To find out more and to see if this approach can work for you, phone 085 10556699 or click here for details on the next Make That Speech public speaking course

What Can We Learn About Public Speaking From Cool Runnings?

It might seem like a mad question, but actually quite a lot!

This scene from Cool Runnings is very important to anybody who wants to be a competent and confident public speaker.

Click The Picture to Play the Clip

 

Visualisation is an incredibly powerful way of preparing for a performance of any kind. You will very often hear professional sports stars talk about visualisation before an event. For example a golfer visualising where the ball is going to go before taking an important shot, or a runner seeing how a race will be run before running an important race. They see what’s going to happen and mentally rehearse it over and over again, until it feels so natural to them that they can’t imagine any other outcome. Many top golfers count visualisation and mind coaches (for the want of a better job description) as full time members of their team.

It’s a form of practice, but one you can do any time any place. The more you practice in your mind, the more natural it feels. The more immersive the visualisation, the more real it feels, the more beneficial it becomes.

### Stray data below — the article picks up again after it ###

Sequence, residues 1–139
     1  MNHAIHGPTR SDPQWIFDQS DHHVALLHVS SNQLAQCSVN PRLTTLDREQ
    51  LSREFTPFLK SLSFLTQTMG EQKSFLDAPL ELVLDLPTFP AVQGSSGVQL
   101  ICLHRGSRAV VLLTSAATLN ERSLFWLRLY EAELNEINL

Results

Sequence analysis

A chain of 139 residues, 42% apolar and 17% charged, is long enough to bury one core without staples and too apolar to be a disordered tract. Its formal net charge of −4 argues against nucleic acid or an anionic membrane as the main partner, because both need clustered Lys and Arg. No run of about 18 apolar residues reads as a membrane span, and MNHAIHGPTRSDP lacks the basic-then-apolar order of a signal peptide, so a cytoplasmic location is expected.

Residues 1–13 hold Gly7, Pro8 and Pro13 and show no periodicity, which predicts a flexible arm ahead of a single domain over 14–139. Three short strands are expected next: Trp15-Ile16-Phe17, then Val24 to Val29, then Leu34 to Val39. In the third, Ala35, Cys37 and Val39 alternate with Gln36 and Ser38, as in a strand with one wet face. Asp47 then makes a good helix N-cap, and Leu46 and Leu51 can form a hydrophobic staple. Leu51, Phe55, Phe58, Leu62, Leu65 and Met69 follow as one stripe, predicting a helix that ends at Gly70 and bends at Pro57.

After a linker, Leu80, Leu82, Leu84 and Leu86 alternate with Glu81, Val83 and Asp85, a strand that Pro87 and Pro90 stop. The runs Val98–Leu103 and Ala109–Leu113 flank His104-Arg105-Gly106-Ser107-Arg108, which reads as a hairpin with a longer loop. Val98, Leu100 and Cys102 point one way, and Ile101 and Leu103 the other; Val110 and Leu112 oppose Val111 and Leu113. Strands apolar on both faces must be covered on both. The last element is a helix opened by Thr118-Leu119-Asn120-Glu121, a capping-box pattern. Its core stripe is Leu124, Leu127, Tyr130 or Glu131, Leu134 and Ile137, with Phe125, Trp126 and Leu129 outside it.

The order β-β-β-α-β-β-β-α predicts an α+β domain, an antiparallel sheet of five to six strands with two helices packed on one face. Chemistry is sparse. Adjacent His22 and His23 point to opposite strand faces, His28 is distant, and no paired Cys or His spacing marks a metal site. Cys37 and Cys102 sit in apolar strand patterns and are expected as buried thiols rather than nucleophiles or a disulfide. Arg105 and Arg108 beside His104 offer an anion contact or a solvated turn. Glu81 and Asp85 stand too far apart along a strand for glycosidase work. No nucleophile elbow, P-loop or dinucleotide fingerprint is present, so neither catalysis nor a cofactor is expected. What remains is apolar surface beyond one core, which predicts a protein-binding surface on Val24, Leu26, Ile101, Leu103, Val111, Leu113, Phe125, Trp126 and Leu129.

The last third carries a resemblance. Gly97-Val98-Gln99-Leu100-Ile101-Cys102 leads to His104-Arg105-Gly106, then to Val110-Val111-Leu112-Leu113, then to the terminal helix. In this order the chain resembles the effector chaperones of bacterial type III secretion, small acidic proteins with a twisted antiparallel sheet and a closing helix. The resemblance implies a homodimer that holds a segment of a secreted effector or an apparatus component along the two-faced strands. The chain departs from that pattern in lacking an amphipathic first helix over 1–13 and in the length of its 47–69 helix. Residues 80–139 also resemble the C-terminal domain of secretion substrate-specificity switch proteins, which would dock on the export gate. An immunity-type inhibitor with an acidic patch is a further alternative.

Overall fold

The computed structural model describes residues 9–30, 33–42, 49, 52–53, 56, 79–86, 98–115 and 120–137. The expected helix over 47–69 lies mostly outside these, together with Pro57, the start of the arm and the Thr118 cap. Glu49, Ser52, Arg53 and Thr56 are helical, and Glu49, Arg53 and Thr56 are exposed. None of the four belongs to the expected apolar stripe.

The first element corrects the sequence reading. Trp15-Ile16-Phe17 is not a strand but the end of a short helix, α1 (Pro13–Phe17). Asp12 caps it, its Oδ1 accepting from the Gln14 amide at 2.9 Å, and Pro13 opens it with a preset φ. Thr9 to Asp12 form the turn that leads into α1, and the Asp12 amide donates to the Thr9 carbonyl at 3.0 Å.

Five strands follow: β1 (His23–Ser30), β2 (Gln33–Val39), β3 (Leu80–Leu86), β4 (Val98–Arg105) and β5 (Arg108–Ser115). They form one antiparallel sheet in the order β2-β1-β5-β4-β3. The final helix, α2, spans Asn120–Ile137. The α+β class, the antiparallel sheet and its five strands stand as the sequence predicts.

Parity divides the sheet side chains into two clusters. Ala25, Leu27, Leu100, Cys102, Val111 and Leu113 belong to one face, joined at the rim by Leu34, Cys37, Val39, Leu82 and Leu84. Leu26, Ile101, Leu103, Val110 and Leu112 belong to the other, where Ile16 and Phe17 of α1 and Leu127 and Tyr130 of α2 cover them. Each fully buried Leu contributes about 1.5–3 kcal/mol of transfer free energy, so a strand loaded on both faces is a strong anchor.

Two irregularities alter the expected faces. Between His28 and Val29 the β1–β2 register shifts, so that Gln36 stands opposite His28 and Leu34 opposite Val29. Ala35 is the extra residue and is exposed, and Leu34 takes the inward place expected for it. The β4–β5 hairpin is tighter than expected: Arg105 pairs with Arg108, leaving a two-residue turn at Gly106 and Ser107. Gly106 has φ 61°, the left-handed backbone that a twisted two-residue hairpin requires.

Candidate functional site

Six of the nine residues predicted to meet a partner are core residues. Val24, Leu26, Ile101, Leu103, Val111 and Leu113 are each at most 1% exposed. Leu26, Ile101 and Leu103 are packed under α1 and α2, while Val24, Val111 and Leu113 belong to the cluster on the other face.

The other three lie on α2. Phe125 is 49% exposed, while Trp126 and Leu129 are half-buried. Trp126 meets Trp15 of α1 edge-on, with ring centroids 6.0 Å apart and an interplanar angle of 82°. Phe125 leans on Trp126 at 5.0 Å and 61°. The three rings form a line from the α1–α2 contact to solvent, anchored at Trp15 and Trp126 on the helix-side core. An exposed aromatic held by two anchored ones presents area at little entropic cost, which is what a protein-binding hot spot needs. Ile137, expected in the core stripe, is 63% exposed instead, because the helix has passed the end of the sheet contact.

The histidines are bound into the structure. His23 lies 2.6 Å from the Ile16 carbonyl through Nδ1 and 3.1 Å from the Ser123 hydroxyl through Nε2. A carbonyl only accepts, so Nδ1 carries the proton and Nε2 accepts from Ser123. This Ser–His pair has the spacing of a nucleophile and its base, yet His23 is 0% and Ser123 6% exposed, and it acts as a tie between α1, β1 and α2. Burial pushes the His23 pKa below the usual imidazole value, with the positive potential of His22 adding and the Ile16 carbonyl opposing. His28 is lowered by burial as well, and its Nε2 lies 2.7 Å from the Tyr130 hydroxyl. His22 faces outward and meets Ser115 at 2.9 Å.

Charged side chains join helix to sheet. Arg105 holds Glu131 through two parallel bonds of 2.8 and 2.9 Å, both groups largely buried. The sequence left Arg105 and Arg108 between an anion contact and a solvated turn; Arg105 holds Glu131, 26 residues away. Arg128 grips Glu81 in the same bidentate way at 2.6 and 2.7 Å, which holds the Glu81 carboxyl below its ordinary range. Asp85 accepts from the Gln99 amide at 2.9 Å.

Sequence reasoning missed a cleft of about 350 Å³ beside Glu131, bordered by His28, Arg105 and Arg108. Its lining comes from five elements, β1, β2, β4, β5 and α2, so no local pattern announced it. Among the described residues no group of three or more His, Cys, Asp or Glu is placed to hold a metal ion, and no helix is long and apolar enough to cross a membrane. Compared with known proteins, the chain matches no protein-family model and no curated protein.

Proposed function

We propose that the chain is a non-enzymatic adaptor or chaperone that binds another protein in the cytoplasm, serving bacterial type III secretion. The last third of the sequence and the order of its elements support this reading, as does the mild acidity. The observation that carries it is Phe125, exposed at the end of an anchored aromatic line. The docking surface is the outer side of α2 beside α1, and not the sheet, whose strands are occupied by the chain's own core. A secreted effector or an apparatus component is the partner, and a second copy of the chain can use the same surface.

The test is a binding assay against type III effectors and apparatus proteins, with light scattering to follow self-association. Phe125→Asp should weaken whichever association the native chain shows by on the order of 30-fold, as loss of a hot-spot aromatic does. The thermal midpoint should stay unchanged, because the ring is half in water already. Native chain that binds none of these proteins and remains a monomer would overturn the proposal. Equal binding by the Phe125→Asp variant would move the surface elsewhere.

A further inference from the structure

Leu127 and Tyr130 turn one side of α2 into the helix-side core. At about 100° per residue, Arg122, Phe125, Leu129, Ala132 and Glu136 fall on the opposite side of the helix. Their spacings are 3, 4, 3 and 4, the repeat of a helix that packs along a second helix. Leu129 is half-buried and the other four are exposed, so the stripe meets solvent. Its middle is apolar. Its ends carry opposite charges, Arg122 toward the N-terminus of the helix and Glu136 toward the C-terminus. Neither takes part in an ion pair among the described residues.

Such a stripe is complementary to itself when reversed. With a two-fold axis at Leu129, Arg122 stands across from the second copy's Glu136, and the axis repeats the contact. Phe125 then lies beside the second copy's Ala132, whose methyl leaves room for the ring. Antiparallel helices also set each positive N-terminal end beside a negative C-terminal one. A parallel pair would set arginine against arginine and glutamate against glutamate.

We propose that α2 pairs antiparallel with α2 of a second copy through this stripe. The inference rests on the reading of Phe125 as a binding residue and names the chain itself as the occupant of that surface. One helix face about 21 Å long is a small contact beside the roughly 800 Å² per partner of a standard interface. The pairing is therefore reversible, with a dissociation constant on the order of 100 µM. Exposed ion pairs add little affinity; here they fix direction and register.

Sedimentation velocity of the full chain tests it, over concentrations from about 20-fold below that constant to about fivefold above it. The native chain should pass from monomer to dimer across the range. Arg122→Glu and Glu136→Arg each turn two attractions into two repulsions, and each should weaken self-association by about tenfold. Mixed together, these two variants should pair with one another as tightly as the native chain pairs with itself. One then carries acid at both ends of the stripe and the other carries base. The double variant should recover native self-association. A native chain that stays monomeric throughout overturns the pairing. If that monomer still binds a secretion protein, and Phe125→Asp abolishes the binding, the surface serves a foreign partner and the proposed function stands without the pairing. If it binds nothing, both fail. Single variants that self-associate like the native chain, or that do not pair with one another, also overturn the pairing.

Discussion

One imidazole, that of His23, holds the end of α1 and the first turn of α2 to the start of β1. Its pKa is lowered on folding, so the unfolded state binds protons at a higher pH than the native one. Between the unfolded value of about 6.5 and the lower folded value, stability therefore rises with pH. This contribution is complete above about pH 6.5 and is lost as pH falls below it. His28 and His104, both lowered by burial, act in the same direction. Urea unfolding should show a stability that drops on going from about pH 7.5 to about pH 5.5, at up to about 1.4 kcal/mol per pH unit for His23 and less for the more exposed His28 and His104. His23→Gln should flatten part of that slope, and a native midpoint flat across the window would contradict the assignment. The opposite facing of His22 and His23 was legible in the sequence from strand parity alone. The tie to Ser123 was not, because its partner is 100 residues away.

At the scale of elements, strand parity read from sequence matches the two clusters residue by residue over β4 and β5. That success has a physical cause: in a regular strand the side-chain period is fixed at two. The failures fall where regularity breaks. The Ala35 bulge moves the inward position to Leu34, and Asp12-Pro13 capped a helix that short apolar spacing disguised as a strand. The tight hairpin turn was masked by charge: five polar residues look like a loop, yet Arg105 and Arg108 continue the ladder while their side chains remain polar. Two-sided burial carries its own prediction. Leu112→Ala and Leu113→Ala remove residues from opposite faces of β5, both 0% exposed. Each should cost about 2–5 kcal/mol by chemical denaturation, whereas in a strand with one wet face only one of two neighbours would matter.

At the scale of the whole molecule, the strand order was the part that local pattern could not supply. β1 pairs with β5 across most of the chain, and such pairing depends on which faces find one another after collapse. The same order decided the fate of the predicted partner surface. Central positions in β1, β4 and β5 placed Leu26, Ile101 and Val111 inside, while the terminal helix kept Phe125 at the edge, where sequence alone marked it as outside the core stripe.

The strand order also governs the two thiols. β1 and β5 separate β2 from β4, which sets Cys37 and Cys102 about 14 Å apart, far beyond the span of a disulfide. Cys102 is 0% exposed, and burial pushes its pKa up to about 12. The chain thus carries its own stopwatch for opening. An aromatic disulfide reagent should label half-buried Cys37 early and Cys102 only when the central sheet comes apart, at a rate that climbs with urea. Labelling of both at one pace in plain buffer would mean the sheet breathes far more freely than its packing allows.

If these techniques are tried and tested by some of the highest performing elite athletes in the world, why not use them yourself? On a ‘Make That Speech’ public speaking course, you will learn to harness the power of visualisation, so that you can become increasingly more confident in your own ability.

To find out more about whether this technique can work for you call 085 1056699 and find more details on the next Make That Speech Public Speaking and Communications Skills training day here

Confessions of a Former Public Speaking Trainer

I read an article on Forbes.com by @kristihedges, an executive coach and author, and thought it raised some interesting points.